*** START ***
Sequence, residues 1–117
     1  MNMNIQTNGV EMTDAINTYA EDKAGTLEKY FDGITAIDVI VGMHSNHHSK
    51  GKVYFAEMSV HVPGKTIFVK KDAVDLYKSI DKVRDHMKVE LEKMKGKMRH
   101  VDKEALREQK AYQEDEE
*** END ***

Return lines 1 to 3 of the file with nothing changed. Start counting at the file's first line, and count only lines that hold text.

Sequence, residues 1–117
     1  MNMNIQTNGV EMTDAINTYA EDKAGTLEKY FDGITAIDVI VGMHSNHHSK
    51  GKVYFAEMSV HVPGKTIFVK KDAVDLYKSI DKVRDHMKVE LEKMKGKMRH